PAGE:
Domestic consumption bounced back below expectations and IEN believed the economy to contract by -0.2% in the first quarter.
The Spanish economy saved the second quarter of the year, accelerating to 1.5% growth. This is reflected in national accounting data published this Friday by the National Institute of Statistics (INE), which has revised the figure to four tenths from an estimated 1.1% in July.
However, it is also confirmed that the year began in the negative with a -0.2% drop in GDP in the first quarter marked by the outbreak of war in Ukraine, the Omicron version and the transporters’ strike. Till a few months ago, the January to March growth was expected to be +0.2%.
In year-on-year terms, GDP for the second quarter grew 6.8%, up from 6.7% in the previous quarter and five-tenths higher than advanced by statistics in July.
“The measures adopted to protect companies, households and vulnerable groups from rising energy and other raw material prices and progress in the deployment of the recovery plan explain this good practice,” they indicate to the Ministry of Economy. “These figures show a solid growth pattern with a positive contribution from domestic demand and strong dynamics from exports,” he said.
The resistance of the Spanish economy is evident in relation to the effect that the energy crisis and runaway inflation have had on the other great powers. For example, the German economy grew barely 0.1% in the second quarter. And according to another statistical estimate, the US also contracted 0.1% in the period.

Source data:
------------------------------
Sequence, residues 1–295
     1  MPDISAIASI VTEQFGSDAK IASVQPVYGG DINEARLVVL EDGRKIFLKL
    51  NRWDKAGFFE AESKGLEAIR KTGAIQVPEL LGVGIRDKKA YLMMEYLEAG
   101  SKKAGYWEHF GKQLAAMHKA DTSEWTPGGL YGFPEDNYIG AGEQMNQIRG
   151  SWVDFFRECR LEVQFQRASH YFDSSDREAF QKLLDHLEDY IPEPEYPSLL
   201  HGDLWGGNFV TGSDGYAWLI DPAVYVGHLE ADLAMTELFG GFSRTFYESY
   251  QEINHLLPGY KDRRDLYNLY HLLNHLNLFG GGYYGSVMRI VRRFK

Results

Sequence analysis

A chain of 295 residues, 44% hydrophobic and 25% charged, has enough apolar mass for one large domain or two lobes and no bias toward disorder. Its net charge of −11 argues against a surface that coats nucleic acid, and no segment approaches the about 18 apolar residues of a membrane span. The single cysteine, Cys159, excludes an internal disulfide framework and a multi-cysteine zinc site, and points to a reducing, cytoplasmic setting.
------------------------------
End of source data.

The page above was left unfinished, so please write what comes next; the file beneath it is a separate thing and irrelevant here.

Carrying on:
However, there are data that call for caution. Domestic consumption grew by 1.2% during the second quarter. But this figure is well below the 3.2 per cent estimated in July. Thus, the “good pattern” of domestic demand is far from the contribution of this component. Specifically, a total of 1.9 points for year-over-year GDP, which is down 1.9 points compared to the first quarter.
Thus the national economy was supported by good performance of exports and tourism, with external demand contributing 4.9 points to year-on-year GDP in the second quarter, up 2.1 points from the first.
For its part, gross capital formation increased by 0.8%. There is a stronger reading in the data than the decline in family spending (-1.2%) and investment (-5%) in the first quarter.
INE states that in advance data for the second quarter published at the end of July, most indicators on economic growth for the quarter produced results by May. And those published this Friday by Statistics already include all the statistical indicators that mark the economic growth of the second quarter, the period hit by the war in Ukraine.
The second quarter’s growth brings the likelihood that Spain will end the year with growth of around 4%. However, the new indicators that have emerged in these weeks call for caution in the face of the final phase of the year. After the resumption of tourism, these last months of the year, at least, seem complicated.
The worsening of the war in Ukraine and the loss of purchasing power derived from inflation could have an impact on domestic consumption, as well as the economy as a whole by the process of raising interest rates by central banks.
In fact, the government already handles growth prospects at rates closer to that 4%, as estimated by major international institutions, compared to the 4.3% established by the latest macroeconomic table. And the same goes for 2023. The message is that the Spanish economy will grow “about 2%” next year. A figure that would cut seven tenths from 2.7% of the macro table that the executive would have to update with the next budget.